A new phase of his character is now forced upon us. He has appeared hitherto as the man of learning, astronomer and mathematician, a brilliant lecturer and demonstrator, diligent in probing the chemical and alchemical secrets of which his vast reading, his foreign correspondence, and his unique library gave him cognisance. Interested in geographical discovery and history, a bibliographical and mathematical writer, his genuine contributions to science had been considerable. He had written upon navigation and history, logic, travel, geometry, astrology, heraldry, genealogy, and many other subjects. He had essayed to found a National Library, and was contemplating a great work upon the reformation of the Calendar. But these purely legitimate efforts of his genius were discounted in the eyes of his contemporaries by the absurd suspicions with which his name had been associated ever since his college days. After his arrest and trial by Bonner, he never really succeeded in shaking off this savour of something magical. The popular idea of Dee in league with evil powers was, of course, the natural result of ignorance and dull understanding. To a public reared in superstition, untrained in reasoning, unacquainted with the simple laws of gravitation, the power to raise heavy bodies in the air at will, to see pictures in a simple crystal globe, or converse with projections of the air, to forecast a man's life by geometric or planetary calculations, and to discern the influence of one chemical or mineral substance upon another, seemed diabolically clever and quite beyond human agency. Even to study Nature and her secrets was to lay oneself open to the suspicion of being a magician. We must remember that in the early years of Queen Elizabeth's reign it was thought necessary to pass an Act of Parliament decreeing that all who practised sorcery causing death should suffer death; if only injury was caused, imprisonment and the pillory whould be the punishment. Any conjuration of an evil spirit was to be punished by death as a felon, without benefit of clergy or sanctuary. Any discovery of hidden treasure by magical means was punishable by death for a second offence.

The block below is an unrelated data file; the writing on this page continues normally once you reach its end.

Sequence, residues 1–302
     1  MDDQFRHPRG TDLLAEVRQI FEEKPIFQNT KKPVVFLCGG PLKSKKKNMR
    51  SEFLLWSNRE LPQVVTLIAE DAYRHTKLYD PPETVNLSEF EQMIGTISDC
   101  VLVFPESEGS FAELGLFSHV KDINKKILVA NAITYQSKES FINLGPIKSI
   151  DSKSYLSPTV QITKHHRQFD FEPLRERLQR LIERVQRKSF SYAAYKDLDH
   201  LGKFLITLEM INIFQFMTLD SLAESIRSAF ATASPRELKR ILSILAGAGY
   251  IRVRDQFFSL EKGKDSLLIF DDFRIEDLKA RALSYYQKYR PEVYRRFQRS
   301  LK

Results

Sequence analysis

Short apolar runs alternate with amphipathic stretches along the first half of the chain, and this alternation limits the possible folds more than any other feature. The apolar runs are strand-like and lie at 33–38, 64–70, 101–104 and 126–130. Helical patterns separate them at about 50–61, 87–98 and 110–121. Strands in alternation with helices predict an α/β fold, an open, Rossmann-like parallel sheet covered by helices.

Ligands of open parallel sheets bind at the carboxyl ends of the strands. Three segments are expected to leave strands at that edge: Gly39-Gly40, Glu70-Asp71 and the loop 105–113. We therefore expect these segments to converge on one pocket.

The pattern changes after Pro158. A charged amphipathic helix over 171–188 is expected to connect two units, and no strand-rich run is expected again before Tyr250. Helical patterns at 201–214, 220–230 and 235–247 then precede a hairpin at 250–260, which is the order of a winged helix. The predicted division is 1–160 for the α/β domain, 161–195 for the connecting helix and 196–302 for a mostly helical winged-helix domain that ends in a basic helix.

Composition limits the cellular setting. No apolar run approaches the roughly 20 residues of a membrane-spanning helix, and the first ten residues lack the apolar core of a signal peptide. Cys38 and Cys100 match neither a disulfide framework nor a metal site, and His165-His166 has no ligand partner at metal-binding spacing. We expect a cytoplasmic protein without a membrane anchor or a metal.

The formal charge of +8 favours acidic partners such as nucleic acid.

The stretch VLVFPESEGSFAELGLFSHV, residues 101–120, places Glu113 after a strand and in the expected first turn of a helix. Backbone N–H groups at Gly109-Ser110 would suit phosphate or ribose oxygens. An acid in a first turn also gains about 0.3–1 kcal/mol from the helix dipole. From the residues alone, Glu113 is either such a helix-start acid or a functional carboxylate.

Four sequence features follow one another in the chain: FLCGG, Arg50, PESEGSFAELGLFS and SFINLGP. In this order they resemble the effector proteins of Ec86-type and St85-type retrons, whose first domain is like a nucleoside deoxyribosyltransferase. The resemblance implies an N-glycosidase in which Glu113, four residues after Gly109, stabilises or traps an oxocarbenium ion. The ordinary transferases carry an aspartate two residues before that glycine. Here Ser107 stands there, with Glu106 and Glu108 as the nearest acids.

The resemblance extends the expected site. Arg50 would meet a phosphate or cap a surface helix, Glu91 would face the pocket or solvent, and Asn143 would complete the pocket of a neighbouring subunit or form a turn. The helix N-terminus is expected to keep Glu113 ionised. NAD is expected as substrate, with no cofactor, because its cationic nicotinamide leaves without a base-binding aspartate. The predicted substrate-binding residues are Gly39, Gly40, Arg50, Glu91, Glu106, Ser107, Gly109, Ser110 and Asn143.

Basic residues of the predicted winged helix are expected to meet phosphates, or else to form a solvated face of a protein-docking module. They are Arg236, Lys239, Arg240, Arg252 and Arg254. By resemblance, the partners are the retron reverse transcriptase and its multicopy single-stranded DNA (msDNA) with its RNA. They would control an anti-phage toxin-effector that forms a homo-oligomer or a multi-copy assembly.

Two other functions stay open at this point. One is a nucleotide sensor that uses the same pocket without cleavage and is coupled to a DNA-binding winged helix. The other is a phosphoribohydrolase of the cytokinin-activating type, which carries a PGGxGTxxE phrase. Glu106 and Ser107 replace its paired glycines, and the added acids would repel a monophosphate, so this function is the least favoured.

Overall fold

But if "magic" was tottering on its throne, the reign
of alchemy was still uncontested. Belief in it was universal,
its great votaries in the past were of all nations. St. Dunstan
of Glastonbury, Roger Bacon, Raymond Lully, Canon George Ripley
of Bridlington, Albertus Magnus, Cornelius Agrippa, Arnold de
Villa Nova and Paracelsus, all their writings, and hundreds of
others, Dee had in his library and constantly upon his tongue.
Alchemy was not only a science, it was a religion and a romance.
It was even then enduring the birth-throes and sickly infancy
of modern chemistry, and the alchemists' long search for the secret
of making gold has been called one of its crises. Long after this
it was still an article of faith, that such a man as Robert Boyle
did not deny. We cannot forget that even that great chemist, Sir
Humphry Davy, reverenced the possibility, and refused to say that
the alchemist's belief in the power to make gold was erroneous.
How unlike Dante's keen irony of the dark and groping men who
seek for "peltro," or tin whitened with mercury. But
alchemy was bursting with many other secrets beyond the manufacture
of gold. The spiritual element abounding in all minerals, and
the symbolism underlying every actual substance, were deeply imbedded
in it. It was a scienceof ideals. It ever led its followers on
to scale illimitable heights of knowledge, for in order to surpass
all material and rational nature, and attain the crowning end,
did not God delegate His own powers to the sage? So the art of
healing was thought the noblest, the most Godlike task, and no
means of attaining hermetic wisdom were untried. The psychical
world became every bit as real to these religious mystics as the
physical and rational, which they understood so vaguely. Even
the strange shapes which escaped from the retorts of the old alchemists
were known to them as "souls." Their successors called
them spirits. Paracelsus named them as mercury, and it was left
to his pupil, Van Helmont, the true founder of all modern chemistry,
to give the name of gas.
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